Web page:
Thursday, October 04, 2018

An Unspoken ObamaCare Shanda: Bye, Bye PPO

As we mentioned a few weeks ago, Anthem is diving back into the individual major medical market for Open Enrollment '19; although there's no official word yet on product details, it's a safe bet that they'll be using the ubiquitous (and problematic) HMO model. And we've just recently learned that Medical Mutual is also re-joining the Ohio market, and they've confirmed that theirs is, indeed, an HMO product.

So what's the big deal, Henry? Shouldn't you be grateful that (at least) two more options will exist for your fellow Buckeyes? And isn't this incentive enough to dive back in yourself?

If only it were that simple. Yes, I suppose it's gratifying to see carriers dipping their toes back into the individual medical pool. But it's disheartening - if completely understandable - that all of the choices available for the upcoming season are HMO's, with zero PPO options even available.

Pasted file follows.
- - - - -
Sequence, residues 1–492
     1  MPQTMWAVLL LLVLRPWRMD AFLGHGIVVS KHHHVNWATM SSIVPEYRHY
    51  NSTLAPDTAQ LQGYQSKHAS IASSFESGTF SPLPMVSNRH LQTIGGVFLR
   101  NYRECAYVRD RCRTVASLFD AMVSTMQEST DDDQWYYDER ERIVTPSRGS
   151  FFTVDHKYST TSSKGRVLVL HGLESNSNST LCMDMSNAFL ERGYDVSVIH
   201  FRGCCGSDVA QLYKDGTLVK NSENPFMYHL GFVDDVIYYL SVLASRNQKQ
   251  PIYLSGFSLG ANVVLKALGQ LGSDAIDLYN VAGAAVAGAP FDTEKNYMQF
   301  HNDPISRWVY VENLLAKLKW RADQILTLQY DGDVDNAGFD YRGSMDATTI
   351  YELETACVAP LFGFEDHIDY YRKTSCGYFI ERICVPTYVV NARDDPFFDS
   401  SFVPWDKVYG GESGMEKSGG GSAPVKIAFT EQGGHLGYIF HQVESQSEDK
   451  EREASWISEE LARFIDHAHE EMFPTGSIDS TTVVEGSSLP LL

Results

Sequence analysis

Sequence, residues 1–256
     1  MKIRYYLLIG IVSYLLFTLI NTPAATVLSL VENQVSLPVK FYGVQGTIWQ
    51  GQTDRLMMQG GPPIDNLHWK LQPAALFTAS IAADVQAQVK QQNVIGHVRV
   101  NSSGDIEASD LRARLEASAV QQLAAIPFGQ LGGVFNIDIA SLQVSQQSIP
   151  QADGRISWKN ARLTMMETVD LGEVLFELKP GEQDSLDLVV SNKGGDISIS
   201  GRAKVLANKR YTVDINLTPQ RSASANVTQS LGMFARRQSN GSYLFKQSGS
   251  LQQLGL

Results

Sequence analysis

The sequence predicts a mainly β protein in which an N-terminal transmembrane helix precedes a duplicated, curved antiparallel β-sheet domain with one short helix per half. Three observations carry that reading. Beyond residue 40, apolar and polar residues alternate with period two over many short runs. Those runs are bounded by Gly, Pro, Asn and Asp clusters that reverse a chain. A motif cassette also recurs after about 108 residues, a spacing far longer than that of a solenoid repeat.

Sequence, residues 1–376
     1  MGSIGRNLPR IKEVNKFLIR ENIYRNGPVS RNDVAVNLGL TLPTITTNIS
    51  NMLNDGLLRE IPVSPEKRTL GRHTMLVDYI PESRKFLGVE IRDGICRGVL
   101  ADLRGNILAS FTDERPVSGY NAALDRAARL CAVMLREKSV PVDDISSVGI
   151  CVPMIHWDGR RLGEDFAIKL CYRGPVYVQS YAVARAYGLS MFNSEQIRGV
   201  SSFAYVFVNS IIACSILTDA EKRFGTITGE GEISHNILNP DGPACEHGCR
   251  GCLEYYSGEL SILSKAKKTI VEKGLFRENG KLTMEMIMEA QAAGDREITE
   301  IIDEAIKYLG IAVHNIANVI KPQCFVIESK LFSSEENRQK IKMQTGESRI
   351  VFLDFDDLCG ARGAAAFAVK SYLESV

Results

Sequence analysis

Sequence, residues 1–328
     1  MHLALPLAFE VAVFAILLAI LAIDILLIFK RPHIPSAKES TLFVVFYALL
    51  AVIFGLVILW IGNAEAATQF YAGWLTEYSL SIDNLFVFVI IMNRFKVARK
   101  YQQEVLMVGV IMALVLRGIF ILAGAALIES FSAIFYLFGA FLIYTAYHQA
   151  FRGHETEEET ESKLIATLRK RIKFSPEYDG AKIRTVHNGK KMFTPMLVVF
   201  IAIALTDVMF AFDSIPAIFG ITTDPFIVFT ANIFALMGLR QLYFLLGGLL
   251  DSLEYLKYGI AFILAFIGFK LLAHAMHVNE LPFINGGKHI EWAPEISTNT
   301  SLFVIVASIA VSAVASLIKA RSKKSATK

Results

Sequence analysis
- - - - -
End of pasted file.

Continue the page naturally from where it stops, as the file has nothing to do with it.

Ok, but you still haven't answered the question: So. What?

Back in the day, the PPO (Preferred Provider Organization) was dominant: under this model, one got the "biggest bang for the buck" by accessing care in-network, but there was always this safety net, or out-of-pocket cap, on non-network services. Sure, it stung a little more, but at least one wasn't footing the entire bill.

Under the HMO model, there is essentially zero coverage for non-life-threatening situations outside of the (now even narrower) network. This means that unless one is basically bleeding out on the front steps of the out-of-network facility, there's likely to be no coverage.

This is a major issue for folks with significant and/or chronic health issues: what if your oncologist isn't in your plan's network? Yeah, a problem. And it's a direct result of ObamaCare rules which leave carriers with few options to rein in costs. Of course I'm not holding them entirely blameless, but this is really the only rational choice.

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